- kind (n.)
- "class, sort, variety," from Old English gecynd "kind, nature, race," related to cynn "family" (see kin), from Proto-Germanic *kundjaz "family, race," from PIE root *gene- "give birth, beget," with derivatives referring to procreation and familial and tribal groups.
Ælfric's rendition of "the Book of Genesis" into Old English came out gecyndboc. The prefix disappeared 1150-1250. No exact cognates beyond English, but it corresponds to adjective endings such as Goth -kunds, Old High German -kund. Also in English as a suffix (mankind, etc., also compare godcund "divine"). Other earlier, now obsolete, senses included "character, quality derived from birth" and "manner or way natural or proper to anyone."
Phrase a kind of (1590s) indicating something like or similar to something else led to the colloquial extension as adverb (1804) in phrases such as kind of stupid "a kind of stupid (person), (one) not far from stupidity." However "good usage" once condemned as inaccurate the use as an adjective as in our kind of people, some kind of joke. All kinds is Old English alles cynnes, in Middle English sometimes contracted to alkins.
- kind-hearted (adj.)
- also kindhearted, 1530s; see kind (adj.) + -hearted. Related: Kindheartedly, kindheartedness.
- 1890, representing a casual pronunciation of kind of (see kind (n.)). Also sometimes written kinder (1834) but the "humorous -r-" is not meant to be pronounced. Dickens has kiender.
- kindergarten (n.)
- 1852, from German Kinder-Garten (1840), literally "children-garden, garden of children," a metaphoric name from Kinder "children" (plural of Kind "child;" see kin (n.)) + Garten "garden" (see yard (n.1)). Coined by German educator Friedrich Fröbel (1782-1852) in reference to his method of developing intelligence in young children. Compare the double sense in nursery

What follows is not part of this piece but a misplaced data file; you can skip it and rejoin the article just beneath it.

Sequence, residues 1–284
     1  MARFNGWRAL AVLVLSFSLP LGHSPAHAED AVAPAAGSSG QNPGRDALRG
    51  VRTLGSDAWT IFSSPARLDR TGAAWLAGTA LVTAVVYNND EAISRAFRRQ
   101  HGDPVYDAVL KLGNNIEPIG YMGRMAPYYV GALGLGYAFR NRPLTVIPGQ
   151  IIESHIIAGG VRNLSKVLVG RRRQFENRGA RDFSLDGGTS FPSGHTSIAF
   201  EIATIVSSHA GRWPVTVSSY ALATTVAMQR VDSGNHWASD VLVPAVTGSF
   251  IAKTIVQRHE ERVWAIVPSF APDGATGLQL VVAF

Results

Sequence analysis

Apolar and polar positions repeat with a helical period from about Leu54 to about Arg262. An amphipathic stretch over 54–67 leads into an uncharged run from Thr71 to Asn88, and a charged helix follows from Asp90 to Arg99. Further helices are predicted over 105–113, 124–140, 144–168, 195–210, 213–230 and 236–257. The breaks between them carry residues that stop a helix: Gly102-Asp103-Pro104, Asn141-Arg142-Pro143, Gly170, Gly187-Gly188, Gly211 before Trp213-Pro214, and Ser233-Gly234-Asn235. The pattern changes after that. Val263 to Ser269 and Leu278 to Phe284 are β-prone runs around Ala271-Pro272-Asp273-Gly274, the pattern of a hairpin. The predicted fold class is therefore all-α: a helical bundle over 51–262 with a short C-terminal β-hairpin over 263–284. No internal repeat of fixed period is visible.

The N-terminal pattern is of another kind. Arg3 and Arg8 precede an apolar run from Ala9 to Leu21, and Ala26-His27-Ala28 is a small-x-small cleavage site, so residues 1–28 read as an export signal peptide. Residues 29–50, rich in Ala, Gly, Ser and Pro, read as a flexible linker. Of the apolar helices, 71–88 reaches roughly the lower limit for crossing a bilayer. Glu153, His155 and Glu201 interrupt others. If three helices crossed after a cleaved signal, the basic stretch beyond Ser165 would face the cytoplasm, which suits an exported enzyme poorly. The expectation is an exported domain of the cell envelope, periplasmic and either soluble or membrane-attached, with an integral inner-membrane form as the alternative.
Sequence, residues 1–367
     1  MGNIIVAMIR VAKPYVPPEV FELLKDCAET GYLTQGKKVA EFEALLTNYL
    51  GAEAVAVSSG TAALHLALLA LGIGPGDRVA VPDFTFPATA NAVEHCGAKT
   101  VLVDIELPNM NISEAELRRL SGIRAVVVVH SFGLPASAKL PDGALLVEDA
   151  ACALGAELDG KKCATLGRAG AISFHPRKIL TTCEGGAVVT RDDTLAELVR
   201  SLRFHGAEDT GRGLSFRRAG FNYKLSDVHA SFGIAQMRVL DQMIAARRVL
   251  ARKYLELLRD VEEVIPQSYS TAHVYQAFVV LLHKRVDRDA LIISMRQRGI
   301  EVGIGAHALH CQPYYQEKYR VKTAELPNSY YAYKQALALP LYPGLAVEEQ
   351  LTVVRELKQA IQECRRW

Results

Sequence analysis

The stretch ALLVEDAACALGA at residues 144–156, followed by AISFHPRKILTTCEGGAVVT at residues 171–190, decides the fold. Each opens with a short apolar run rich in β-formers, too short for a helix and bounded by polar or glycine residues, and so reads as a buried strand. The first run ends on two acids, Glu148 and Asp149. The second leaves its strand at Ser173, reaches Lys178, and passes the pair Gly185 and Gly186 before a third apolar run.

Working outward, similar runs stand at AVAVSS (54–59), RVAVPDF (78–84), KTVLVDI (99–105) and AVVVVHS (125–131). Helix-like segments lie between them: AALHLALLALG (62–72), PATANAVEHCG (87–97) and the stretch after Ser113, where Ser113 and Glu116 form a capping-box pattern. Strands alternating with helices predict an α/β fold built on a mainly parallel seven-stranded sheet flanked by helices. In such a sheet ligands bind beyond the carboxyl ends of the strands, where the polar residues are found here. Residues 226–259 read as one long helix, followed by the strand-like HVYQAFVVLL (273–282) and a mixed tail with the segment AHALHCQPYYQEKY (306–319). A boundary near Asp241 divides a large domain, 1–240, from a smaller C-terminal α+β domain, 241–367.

Kindergarten means a garden of children, and Froebel, the inventor of it, or rather, as he would prefer to express it, the discoverer of the method of Nature, meant to symbolize by the name the spirit and plan of treatment. How does the gardener treat his plants? He studies their individual natures, and puts them into such circumstances of soil and atmosphere as enable them to grow, flower, and bring forth fruit,-- also to renew their manifestation year after year. [Mann, Horace, and Elizabeth P. Peabody, "Moral Culture of Infancy and Kindergarten Guide," Boston, 1863]
The first in England was established 1850 by Johannes Ronge, German Catholic priest; in America, 1868, by Elizabeth Peabody of Boston, Mass. Taken into English untranslated, whereas other nations that borrowed the institution nativized the name (Danish börnehave, Modern Hebrew gan yeladim, literally "garden of children"). Sometimes partially Englished as kindergarden (a form attested by 1879).
- kindergartener (n.)
- 1872, "kindergarten teacher," from kindergarten + -er (1). The German form kindergartner is recorded in American English from 1863. As "kindergarten pupil," attested from 1935.
- kindle (v.)
- c. 1200, cundel, "to set fire to, to start on fire," probably from a Scandinavian source akin to Old Norse kynda "to kindle, to light a fire," Swedish quindla "kindle," all of uncertain origin, + frequentative suffix -le. Figurative use (of feelings, passions, etc.) is from c. 1300. Intransitive sense "to begin to burn, to catch fire" is from c. 1400. Related: Kindled; kindling.
Modern sources do not connect it to Latin candela. In the literal sense, Old English had ontyndan "kindle, set fire to," from tendan "to kindle" (see tinder). The word was influenced in form, and sometimes in Middle English in sense, by kindel "to give birth" (of animals), "bring forth, produce" (c. 1200), from kindel (n.) "offspring of an animal, young one," from Old English gecynd (see kind (n.)) + -el.
- kindling (n.)
- "material for lighting fire," usually dry wood in small pieces, 1510s, verbal noun from kindle (v.). Earlier "a setting alight" (c. 1300).
- kindly (adj.)
- c. 1200, cundelich, "natural, right, lawful," from Old English gecyndelic "natural, innate; in accordance with the laws or processes of nature, suitable, lawful" (of birth, etc.); see kind (adj.) + -ly (1). From late 14c. as "pleasant, agreeable;" from 1560s as "full of loving courtesy." Related: Kindliness. The Old English word also meant "pertaining to generation," hence cyndlim "womb," in plural "genitalia," literally "kind-limb."